Lit Review: Digital Relationships in the ‘MySpace’ Generation: Results From a Qualitative Study (Dwyer)

A qualitative study of online social networking sites and instant messaging.

Background
-CMC reduces the exchange of social context cues, affecting perceptions of truthfulness, interpretation and response to messages, and the formation of impressions.
–Social Information Processing Model (Walther): CMC relies on paralinguistics, slowing the rate at which social cues are received.
-Impression Management (Goffman): The subtle process of controlling another’s perception of something by managing the information exchanged in a social interaction. When that something is one’s own identity, it is referred to as self-presentation. We interpret others through inference of their roles, derived from the information they or others present to us.
-Social-Technical Gap: The space between what technology can support and what actually happens in the social world.

The Study
-Examined the use of technology to manage relationships, and the ways in which these technologies mediate behaviors pertaining to the management of these relationships.
-The semi-structured interview designed inquired about self-presentation/impression management, pros and cons of these systems, usage and dependency for social communication. It also probed participants for information on how they used the tools provided by this systems in developing new relationships, restricting access, and responding to negative events. Expectations of privacy were also investigated, pertaining to what individuals felt comfortable with sharing and why.
-Interviews were conducted by 6 undergraduates, who interviewed a total of 19 college-aged participants. The transcripts were content-analyzed and coded.
-Participants reported heavy use of communication technologies, heralding their low cost, entertainment value, and convenience.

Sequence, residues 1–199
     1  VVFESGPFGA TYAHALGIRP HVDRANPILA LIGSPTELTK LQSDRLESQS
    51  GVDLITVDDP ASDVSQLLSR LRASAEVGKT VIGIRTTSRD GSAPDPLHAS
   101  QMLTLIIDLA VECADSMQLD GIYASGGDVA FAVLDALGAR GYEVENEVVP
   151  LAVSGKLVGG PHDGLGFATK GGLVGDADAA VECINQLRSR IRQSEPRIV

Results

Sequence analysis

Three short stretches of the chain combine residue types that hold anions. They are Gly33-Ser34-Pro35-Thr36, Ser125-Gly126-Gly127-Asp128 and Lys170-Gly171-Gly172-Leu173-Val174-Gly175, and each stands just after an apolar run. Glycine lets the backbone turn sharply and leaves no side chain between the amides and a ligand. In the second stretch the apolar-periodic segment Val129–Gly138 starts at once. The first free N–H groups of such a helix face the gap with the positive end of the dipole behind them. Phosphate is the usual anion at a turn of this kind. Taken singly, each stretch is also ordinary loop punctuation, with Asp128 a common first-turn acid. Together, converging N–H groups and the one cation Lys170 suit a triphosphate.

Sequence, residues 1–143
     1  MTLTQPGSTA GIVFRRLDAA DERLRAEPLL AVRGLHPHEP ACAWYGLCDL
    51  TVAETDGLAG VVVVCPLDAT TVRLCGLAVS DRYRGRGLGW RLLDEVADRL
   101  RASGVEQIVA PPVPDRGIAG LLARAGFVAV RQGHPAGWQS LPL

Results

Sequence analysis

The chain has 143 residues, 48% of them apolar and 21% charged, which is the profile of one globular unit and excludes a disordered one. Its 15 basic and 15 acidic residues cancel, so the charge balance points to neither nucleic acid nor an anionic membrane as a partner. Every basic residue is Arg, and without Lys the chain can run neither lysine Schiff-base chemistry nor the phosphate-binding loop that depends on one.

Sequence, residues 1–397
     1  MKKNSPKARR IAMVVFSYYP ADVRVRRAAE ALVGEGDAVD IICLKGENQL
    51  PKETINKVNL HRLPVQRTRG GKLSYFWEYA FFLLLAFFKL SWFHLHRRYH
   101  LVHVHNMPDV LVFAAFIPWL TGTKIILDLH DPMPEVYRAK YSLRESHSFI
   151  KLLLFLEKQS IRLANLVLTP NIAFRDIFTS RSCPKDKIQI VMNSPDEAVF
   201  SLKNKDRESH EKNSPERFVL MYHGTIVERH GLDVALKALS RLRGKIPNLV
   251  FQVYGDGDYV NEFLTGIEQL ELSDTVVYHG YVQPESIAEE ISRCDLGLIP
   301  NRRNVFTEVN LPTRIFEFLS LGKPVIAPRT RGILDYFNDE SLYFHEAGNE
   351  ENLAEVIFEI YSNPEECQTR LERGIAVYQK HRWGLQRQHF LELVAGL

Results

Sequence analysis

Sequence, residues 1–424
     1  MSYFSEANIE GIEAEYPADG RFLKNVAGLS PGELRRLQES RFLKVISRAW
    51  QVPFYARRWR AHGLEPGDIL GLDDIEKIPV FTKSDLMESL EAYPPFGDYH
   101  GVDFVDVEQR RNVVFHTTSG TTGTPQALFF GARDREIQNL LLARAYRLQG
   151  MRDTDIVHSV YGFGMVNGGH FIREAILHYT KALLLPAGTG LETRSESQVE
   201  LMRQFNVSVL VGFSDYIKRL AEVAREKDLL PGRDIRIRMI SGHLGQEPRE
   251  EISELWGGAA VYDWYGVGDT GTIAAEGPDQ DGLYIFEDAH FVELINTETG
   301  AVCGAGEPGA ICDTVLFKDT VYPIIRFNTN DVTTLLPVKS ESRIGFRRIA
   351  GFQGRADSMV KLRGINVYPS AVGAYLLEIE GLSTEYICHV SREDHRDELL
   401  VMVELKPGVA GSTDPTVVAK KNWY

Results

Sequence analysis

-Profiles provide the opportunity for impression management. Authenticity plays a large role here- profiles that appear (or are known to be) false or contrived trigger a very negative impression. However, they also discussed the need to create a “cool” persona and intense awareness of how others would perceive their self-presentations. Nevertheless, the act of constructing one’s profile was generally considered a fun, entertaining activity.
-As one participant put it, “The defining characteristic of social networking sites is extreme impersonality. The people that one talks to on these sites are not treated as other human beings. They appear more like characters in a story.”
-Though privacy concerns have been well-documented, the participants expressed general apathy, countering that they as members are responsible for the content and management of their virtual personas.
-Acknowledged that relationships formed online are superficial in nature.
-General enjoyment of these systems’ ability to maintain bonds with those one doesn’t see every day, as well as reunite one with old friends.
-Instant Messenger Away Messages: A user is able to monitor others while behind the “barrier” of the away message.
-Comfort level increased as the degree of their own anonymity rose, decreased with the anonymity of others.

Framework
Communication technology features (profile, visibility, and identity management) enable interpersonal relationship management (forming new relationships, maintaining existing relationships), which is in turn influenced by individual attitudes (impression management, concern for information privacy).

Questions Raised
How is impression management carried out within CMC?
How to explain the apparent contradiction between privacy concerns and the overwhelming popularity of social networking sites?

Individuals are fluid, not static, and in the act of creating a profile of the self one undergoes a strangely simplified process of impression management. I would like to examine the paralanguage of Internet communities, the ways in which social cues are subtly communicated, as well as the complex ways in which impression management is enacted.